Interesting article on Gallipoli and its effects on both Australia and New Zealand published today in the NZ Herald.
"It is the stories of the wives and mothers of "boys" who perished on the battlefields of Europe that bring a catch to Professor Bruce Scates' voice. The acclaimed historian has spent years bringing together memories of the Great War. His research stretches from soldiers' letters of 1915 to emails and interviews describing Anzac Day at Long Pine at Gallipoli nearly 90 years later.Read more here.
But it is the grubby, decomposing files from a Melbourne mental asylum, with their accounts of women who had literally gone mad with grief, that proved the most ambitious part of his book, Return to Gallipoli: Walking the Battlefields of The Great War.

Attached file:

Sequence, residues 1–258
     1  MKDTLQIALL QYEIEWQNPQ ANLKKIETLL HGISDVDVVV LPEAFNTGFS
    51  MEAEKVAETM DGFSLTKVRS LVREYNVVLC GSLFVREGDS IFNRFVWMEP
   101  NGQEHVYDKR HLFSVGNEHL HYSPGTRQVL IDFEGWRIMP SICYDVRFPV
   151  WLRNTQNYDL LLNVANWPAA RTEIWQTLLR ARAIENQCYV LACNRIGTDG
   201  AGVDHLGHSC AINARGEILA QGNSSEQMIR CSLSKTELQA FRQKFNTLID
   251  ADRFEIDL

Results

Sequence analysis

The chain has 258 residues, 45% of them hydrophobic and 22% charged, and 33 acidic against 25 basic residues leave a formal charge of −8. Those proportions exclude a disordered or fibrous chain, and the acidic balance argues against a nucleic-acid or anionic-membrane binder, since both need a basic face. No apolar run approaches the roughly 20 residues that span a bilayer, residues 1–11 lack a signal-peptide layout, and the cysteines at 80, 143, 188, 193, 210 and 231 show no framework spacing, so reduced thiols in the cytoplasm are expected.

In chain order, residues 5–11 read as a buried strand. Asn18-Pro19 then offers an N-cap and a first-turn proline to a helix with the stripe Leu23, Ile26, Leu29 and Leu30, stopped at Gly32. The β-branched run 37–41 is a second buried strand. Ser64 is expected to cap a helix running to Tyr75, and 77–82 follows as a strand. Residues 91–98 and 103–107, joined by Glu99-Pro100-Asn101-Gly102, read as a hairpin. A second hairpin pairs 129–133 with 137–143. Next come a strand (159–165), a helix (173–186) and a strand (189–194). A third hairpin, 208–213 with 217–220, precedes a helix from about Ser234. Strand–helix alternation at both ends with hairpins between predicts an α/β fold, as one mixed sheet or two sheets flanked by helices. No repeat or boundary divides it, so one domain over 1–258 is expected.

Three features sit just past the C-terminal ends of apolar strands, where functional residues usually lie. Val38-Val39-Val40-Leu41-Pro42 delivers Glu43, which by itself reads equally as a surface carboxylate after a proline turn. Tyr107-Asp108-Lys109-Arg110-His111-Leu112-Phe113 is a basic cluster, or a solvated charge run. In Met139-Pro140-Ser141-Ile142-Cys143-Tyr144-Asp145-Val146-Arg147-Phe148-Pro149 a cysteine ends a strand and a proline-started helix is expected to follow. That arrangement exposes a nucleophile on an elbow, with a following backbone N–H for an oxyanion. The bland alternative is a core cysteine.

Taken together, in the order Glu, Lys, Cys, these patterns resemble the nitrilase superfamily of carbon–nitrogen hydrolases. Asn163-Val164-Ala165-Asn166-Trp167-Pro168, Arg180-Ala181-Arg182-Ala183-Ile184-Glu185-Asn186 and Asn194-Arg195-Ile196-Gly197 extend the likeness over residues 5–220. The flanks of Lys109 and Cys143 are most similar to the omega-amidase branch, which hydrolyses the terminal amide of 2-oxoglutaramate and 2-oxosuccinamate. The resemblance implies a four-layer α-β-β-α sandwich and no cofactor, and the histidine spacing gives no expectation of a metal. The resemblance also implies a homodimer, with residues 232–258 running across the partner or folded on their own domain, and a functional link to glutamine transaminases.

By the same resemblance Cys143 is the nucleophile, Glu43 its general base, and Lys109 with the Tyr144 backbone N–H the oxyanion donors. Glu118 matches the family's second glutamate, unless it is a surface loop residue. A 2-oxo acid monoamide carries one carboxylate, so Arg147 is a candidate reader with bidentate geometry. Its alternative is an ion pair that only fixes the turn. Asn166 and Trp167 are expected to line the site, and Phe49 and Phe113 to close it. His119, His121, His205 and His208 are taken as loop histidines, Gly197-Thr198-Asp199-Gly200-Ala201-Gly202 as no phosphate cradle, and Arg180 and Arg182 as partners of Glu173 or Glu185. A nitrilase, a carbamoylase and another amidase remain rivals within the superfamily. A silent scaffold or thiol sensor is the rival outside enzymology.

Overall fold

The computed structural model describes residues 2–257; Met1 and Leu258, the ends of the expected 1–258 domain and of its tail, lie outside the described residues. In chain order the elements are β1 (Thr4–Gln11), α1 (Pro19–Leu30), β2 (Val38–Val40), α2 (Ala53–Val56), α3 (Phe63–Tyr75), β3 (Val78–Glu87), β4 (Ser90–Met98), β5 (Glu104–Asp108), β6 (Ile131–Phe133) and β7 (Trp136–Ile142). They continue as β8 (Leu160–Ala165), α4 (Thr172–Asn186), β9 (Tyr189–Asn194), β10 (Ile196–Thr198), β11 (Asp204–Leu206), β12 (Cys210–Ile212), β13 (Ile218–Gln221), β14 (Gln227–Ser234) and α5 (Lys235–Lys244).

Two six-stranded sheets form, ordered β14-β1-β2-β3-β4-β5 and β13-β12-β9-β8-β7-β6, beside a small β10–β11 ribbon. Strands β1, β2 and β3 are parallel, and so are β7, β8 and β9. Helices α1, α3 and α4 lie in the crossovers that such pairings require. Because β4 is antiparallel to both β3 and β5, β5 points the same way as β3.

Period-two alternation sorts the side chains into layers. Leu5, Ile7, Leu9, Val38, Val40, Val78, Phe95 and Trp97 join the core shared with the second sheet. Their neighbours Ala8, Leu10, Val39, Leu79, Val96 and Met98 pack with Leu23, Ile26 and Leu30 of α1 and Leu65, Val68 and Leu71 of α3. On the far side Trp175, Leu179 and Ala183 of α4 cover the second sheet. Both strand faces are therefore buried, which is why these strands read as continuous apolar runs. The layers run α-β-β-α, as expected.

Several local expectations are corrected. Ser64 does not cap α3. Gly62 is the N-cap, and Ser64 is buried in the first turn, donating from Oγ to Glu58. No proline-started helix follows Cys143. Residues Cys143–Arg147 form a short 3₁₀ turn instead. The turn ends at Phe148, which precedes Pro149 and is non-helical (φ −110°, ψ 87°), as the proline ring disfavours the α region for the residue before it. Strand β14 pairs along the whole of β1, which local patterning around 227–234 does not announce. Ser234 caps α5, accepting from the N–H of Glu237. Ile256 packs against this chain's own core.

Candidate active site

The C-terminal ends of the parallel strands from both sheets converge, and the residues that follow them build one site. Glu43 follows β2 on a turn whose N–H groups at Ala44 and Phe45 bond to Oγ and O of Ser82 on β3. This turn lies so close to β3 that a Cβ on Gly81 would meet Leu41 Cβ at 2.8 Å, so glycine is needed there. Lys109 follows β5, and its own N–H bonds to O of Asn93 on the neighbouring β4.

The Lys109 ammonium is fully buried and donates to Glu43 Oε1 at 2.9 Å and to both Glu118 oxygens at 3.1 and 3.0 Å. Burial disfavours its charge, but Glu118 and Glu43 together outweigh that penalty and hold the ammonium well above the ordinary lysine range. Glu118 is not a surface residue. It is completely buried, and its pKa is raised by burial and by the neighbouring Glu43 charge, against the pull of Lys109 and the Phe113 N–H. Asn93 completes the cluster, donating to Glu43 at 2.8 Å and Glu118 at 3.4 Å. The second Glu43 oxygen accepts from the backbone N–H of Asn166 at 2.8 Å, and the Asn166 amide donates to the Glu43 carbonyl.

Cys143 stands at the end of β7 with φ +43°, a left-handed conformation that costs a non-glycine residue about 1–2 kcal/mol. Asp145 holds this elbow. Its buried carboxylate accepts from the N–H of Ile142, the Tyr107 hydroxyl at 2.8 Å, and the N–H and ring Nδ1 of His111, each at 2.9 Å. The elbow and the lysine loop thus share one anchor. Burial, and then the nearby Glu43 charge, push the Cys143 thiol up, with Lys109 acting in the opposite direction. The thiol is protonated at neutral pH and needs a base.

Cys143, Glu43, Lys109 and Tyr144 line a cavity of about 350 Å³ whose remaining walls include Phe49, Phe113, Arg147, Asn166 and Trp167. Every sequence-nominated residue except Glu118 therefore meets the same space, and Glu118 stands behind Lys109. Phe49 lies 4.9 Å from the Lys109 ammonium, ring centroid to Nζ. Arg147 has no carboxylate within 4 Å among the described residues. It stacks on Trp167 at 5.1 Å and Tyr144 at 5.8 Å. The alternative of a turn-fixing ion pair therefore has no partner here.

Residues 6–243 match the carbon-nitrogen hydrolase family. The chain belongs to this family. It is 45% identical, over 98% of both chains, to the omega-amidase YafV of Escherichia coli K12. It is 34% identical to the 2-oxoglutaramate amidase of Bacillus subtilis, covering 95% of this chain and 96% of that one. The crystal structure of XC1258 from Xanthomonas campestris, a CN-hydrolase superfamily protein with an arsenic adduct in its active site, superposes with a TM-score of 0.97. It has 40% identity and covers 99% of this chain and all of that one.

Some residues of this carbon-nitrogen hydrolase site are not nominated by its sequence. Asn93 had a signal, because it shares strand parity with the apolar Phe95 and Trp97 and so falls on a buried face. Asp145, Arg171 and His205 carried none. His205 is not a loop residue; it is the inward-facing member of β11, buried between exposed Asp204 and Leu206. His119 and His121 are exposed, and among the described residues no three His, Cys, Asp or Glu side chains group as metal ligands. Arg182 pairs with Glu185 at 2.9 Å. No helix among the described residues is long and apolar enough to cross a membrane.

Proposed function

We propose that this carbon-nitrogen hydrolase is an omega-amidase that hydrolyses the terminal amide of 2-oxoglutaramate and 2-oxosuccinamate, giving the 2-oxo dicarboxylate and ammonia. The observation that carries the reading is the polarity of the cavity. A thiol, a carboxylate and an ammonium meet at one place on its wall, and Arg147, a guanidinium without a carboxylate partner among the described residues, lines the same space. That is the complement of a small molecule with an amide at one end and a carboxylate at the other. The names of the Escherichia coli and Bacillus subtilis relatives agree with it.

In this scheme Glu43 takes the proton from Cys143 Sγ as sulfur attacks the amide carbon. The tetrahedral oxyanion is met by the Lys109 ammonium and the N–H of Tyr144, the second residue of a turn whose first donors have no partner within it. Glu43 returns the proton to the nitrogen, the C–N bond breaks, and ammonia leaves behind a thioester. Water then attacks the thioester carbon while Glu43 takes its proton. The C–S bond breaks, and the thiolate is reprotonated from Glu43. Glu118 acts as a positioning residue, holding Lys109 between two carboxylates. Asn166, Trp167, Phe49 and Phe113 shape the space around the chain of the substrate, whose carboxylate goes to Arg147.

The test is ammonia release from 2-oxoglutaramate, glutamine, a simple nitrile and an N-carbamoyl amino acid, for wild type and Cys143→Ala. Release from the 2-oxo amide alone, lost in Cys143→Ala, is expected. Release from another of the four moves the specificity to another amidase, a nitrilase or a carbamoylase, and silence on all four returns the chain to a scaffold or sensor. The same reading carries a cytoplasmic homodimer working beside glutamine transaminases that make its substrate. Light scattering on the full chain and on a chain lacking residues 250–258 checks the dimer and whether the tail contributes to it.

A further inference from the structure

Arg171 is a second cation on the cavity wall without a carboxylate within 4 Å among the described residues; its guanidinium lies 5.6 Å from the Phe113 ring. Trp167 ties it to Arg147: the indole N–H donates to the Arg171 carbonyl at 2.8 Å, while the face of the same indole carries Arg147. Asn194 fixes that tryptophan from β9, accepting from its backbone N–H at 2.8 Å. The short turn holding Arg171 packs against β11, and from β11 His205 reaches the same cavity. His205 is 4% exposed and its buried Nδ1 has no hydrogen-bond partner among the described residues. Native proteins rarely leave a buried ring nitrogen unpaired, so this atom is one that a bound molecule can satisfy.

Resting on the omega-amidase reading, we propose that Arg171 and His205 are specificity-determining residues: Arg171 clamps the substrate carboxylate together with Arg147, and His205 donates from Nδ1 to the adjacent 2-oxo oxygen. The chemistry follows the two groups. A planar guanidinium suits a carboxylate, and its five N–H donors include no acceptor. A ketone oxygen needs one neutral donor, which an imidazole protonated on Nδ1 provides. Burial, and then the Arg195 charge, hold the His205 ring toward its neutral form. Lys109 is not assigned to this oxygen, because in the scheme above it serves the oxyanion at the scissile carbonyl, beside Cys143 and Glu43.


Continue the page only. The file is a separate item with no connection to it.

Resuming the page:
As he says, these women waved their young men goodbye fully expecting them to be "home by Christmas". The Australian - and presumably New Zealand - authorities were so certain the war would be a non-event, the soldiers' identity discs were made of compressed cardboard. And when they were mowed down in the trenches and their identity discs rotted into the mud, their mothers, sisters and girlfriends collapsed."